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Poverty of narrative in contemporary ballet


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#1 Ray

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Posted 05 August 2010 - 05:04 AM

This piece by Macaulay deserves its own topic. A passage:

"Nowhere more than in narrative has ballet become the land of low expectations. Audiences regularly sit through a poverty of dance-narrative expression that they would never tolerate in a movie, a novel, an opera, a play or even a musical."

Do you agree that this is true? That it is a problem? If so, what's the solution?

#2 kfw

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Posted 05 August 2010 - 07:28 AM

Thanks for starting the discussion, Ray. One of the problems Macaulay sees is that while gender distinctions have been blurred in large segments of modern society, ballet emphasizes the traditional distinctions, especially through the ubiquity of pointe work.

Almost every ballet, storytelling or otherwise, features at least one partnering passage, usually central, in which the differences between men and women are highlighted. How well equipped is this genre to speak to, or of, the world we know? Will the choreographers of the 21st century change the genre’s ingredients so that it becomes less automatically sexist? Or will they change the dramas that flow from its heterosexual rituals? Most crucially: What future does ballet have as an art of modern expression?


a 21st-century art that knows no alternative to bringing men and women together in situations of love, chivalry or arrant manhandling will retain obvious limitations. Story ballet today is in danger of becoming a particularly sexist form of rom-com [romantic-comedy].

Hmmm, I'm interested in stories we haven't seen onstage before, but I don't think ballet's sticking largely with something it does well makes it sexist.

#3 Quiggin

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Posted 05 August 2010 - 08:15 AM

19th century ballets were based more on the sort of transformations (Swan Lake, Nutcracker, Coppelia) that run through Ovid (certainly not on the “Other”) and on Arabian Nights-like stories, which were very popular then. I don’t think of them as “narrations”, which implies a narrator, trustworthy or not. Plays and operas and ballets present; novels and short stories tell.

The only equivalents we have now are Japanese cartoons and video games.

I would tend to discount gender differences as being a big problem. Men dance differently than women because they weigh more and their bodies have different dynamics. It's like the difference between skateboard and bicycles (which have become everyone’s second body in San Francisco).

It’s not the lack of narration but the lack of the ability to dramatize on stage that’s the problem (if any). And also the lack of an alternate system -- like mythology or even romance -- outside the main "totalizing" one with which to think about our lives.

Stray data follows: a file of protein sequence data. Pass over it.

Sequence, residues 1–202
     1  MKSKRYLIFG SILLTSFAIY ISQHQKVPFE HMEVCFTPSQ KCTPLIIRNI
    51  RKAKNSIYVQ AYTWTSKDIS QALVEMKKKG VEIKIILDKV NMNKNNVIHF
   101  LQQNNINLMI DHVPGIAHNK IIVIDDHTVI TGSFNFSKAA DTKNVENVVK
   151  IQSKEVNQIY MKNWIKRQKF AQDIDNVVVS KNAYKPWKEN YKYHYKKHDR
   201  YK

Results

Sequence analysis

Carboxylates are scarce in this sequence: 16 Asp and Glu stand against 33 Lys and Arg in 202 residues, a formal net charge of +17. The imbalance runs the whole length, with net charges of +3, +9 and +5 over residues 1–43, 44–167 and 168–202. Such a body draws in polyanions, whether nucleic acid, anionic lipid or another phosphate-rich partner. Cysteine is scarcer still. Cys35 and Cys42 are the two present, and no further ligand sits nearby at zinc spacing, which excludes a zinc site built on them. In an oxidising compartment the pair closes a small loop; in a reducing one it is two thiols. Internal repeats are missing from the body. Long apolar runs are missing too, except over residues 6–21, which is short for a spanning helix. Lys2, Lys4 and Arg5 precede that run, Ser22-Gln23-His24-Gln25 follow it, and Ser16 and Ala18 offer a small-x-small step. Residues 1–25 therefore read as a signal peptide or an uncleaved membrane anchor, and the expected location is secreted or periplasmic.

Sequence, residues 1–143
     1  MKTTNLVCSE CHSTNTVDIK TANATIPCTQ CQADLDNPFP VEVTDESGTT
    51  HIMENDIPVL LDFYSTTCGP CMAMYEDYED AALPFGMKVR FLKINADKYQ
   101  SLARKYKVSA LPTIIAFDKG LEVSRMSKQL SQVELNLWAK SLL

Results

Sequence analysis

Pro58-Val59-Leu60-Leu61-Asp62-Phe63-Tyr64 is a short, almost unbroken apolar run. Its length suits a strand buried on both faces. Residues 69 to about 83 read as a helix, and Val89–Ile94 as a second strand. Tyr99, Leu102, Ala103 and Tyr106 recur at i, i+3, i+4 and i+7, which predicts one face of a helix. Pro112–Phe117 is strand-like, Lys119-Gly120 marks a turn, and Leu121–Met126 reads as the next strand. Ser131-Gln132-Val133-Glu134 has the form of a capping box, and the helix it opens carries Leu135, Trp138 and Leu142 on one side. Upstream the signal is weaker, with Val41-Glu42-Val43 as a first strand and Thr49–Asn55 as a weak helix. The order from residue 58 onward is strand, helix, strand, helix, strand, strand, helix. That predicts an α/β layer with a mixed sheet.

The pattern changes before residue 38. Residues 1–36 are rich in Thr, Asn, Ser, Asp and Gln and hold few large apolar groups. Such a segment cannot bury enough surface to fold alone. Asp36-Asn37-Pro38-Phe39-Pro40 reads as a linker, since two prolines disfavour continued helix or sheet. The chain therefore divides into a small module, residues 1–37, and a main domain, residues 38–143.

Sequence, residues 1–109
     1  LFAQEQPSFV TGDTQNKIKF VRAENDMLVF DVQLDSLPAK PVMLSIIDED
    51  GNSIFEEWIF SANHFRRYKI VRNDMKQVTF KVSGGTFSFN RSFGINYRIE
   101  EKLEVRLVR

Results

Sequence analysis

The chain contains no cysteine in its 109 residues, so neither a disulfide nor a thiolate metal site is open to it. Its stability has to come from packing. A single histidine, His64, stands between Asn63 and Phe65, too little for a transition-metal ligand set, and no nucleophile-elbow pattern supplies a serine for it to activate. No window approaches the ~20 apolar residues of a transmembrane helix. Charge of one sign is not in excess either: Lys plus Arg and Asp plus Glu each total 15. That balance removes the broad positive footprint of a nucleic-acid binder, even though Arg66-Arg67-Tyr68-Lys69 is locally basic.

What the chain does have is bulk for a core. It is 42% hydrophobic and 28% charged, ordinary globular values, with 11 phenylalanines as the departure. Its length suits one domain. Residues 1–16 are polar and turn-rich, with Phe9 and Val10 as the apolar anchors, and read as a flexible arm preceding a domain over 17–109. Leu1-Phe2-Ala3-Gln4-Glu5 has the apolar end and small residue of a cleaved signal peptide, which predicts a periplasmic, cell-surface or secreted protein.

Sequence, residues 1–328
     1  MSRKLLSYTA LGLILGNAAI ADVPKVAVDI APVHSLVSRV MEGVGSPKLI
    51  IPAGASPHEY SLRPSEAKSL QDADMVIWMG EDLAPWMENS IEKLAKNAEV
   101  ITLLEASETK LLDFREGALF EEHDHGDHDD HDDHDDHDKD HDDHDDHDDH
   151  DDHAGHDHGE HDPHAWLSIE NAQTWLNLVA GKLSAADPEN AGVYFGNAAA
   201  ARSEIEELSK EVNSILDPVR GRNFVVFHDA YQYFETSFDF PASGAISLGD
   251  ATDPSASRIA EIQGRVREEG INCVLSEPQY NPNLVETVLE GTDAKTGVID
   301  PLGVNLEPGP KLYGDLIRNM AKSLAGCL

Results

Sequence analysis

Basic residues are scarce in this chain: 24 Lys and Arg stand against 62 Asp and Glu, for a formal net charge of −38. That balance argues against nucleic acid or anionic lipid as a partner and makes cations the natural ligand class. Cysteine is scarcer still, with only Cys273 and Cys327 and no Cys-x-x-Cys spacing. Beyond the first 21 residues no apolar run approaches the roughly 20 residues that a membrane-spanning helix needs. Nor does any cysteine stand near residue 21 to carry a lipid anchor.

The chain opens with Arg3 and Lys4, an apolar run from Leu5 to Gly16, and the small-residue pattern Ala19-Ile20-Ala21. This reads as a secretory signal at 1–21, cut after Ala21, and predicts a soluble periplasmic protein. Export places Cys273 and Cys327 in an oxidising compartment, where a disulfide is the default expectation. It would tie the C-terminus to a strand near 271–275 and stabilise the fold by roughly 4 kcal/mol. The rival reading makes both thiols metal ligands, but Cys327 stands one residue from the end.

#4 Ray

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Posted 05 August 2010 - 09:02 AM

I would tend to discount gender differences as being a big problem. Men dance differently than women because they weigh more and their bodies have different dynamics. It's like the difference between skateboard and bicycles (which have become everyone’s second body in San Francisco).


I'm going to disagree here, though, and stress that there's no reason men can't perform on point well. The Trocs have certainly proven that. In that sense, then, as AM asserts, gender differences are a problem becaue of pointwork.

Think of sports: how many of them differentiate what they do b/c they're the women's versions or the men's? Female runners run the same runs; swimmers use the same stokes. Yes, men don't do rhthymic gymnastics (is that what it's called) the same as women, but not because they can't.

#5 bart

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Posted 05 August 2010 - 09:42 AM

The piece strikes me as "thinking out loud." The ideas ebb and flow and are not always developed or even connected to one another. As a result, there were many bits I agreed with and many I found unconvincing or overstated.

I failed to locate another article Macaulay published (sometime within the past 6 months) in which he addressed the issue of the narrative paucity of much contemporary ballet more directly. All I remember is his suggestion that these works often tended to be aimless, with no recognizable beginning, end, or point. He depicts a female dancer's motivation something like this: "Oh, I think I'll lift my leg now. Twice. And maybe do a couple of pirouettes." It was brilliant and quite to the point.

When I read that, I thought he was calling for a renewed commitment to narrative content in contemporary ballet choreography. Now he seems to have moved sideways rather than developing his earlier thoughts. Here, he adds gender analysis -- plus some more or less relevant ballet history -- to the pot.

As time goes by, I hope we'll see where Macaulay is going with all of this.